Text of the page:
Watch Out For Ransomware in the Cloud!
According to a global survey of 1,225 companies (including those in Australia), 61% of businesses were disrupted by ransomware at some point during the past year. Part of why is due to how many cloud services we use nowadays. According to a study done in 2021, 98 percent of surveyed firms experienced a cloud ransomware attack in the last 18 months, up from 79 percent the year before.
In this article, you’ll learn something about ransomware in the cloud, the types of attacks to look out for, the common ransomware variants employed, and how to protect your company from these attacks.
Types of Ransomware Cloud Attacks
There are three types of cloud ransomware attacks. The first involves attacking/compromising your employee’s local device. Then once they sync their data with a cloud storage service, the ransomware spreads to the cloud.
The second type of ransom cloud attack involves criminals gaining direct access to an organisation’s cloud systems via phishing and then encrypting or extracting their contents.
And finally, large-scale attacks that target cloud providers. An attack on DDS Safe, US cloud-based backup and storage provider for dentistry practices, compromised over 400 dentistry offices, leaving them unable to access the internet. The criminals infected DDS Safe with a REvil ransomware strain.
How To Protect Yourself Against Ransomware in the Cloud
Here are a few cloud security best practices that’ll help protect your company and reduce the chances of cloud ransomware.
- Back up your data securely.
One way to protect your organisation is to back up your company data regularly in separate, secure locations. You can even take it further and use a cloud-to-cloud backup service or consider backing it up locally.
- Use multiple cloud providers.
By using multiple cloud service providers, you can keep your data separate. If any portion falls to a ransomware attack, you can keep the others running while you sort things out. If you’re planning to use a multi-cloud infrastructure, be sure your auditing solution can combine data from different platforms and present a summary of events from a single console.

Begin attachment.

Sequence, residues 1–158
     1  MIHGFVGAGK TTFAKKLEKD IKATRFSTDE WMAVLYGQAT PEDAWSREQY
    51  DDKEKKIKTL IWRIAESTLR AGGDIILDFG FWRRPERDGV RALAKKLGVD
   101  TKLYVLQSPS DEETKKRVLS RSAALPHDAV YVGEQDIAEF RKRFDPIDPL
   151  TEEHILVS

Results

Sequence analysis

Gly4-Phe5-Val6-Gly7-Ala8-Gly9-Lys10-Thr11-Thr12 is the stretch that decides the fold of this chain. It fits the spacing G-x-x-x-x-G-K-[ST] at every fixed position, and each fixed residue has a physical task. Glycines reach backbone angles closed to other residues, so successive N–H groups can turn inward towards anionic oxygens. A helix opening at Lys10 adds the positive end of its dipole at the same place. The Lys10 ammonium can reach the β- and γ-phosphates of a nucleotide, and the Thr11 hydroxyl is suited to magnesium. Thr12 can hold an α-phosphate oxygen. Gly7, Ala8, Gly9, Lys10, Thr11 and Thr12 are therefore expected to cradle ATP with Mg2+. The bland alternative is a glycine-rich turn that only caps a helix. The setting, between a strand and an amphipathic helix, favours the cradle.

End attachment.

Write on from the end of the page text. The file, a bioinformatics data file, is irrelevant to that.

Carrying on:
- Log and monitor sensitive actions.
Operations such as life-cycle configuration and key removals usually take days. Your organisation can thwart a ransomware attack by logging and monitoring sensitive actions like these. You may notice those occurrences using tools like CloudTrail and CloudWatch (both from Amazon Web Services) and respond quickly to stop the attack. Of course, this is less effective for rapid occurrences, but the sooner you identify the attack, the higher your chances of mitigating it.
- Block malicious apps and websites
One thing to consider is the type of software (especially third-party apps) that your employees install. This also includes browser extensions and mobile apps. Use web filtering and blacklist/whitelist harmful websites to prevent your employees from accessing or downloading apps with a malicious payload.
- Carry out real-time audits
A great way to protect your database is by regularly monitoring your organisation’s cloud environment. You can do this using third-party auditing services or the native tools built into your cloud platform. These services can detect and respond to suspect file and folder activity in real-time by employing the latest machine learning techniques.
- Adopt a strategy of least privilege access.
Another great way to keep cybercriminals out of your organisation’s system while minimising the impact of an attack is to keep permissions to the bare minimum. Limit user access to just what’s needed to carry out their daily tasks. Since these criminals need to access and alter your buckets on the cloud, keeping them separate will make it more difficult for them. Cleaning out any dormant users or features that could be exploited is also a good idea; this can easily be automated.
- Employee Education
Carry out regular security awareness training (at least once a year) to ensure that all staff can recognize suspicious links, emails, third-party apps, attachments, links, and extensions. Employees should also be taught to disconnect their devices from the network as soon as they become aware (or suspect) that they have been the victim of a ransomware assault.
Common Ransomware Variants That Target The Cloud.
- The Petya Ransomware
The Petya ransomware uses Dropbox as a cloud insertion mechanism. The email begins as a phishing email, linking to a Dropbox location where the resume is stored. It contains a link to a self-extracting application that downloads the ransomware onto the machine.
This ransomware variation encrypts network drives, local devices, and cloud storage. Jigsaw ransomware hunts for OneDrive storage and encrypts items synchronised with OneDrive. The Jigsaw Ransomware capitalises on how cloud storage works by encrypting the local OneDrive storage place and synchronising the encrypted data to the cloud. The encrypted files are subsequently synchronised to all nodes linked to the shared OneDrive location.
Contact us now if you’d like to see how GKM2 can help secure your organisation’s data from Ransomware in the cloud! Or call +61 2 9161 7171